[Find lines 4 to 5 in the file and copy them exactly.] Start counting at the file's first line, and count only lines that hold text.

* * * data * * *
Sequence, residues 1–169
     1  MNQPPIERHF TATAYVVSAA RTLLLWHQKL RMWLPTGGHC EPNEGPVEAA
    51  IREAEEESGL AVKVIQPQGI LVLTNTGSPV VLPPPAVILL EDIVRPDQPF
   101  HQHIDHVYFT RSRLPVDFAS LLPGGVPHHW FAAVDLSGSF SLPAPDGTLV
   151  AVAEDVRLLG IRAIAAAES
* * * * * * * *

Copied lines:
   101  HQHIDHVYFT RSRLPVDFAS LLPGGVPHHW FAAVDLSGSF SLPAPDGTLV
   151  AVAEDVRLLG IRAIAAAES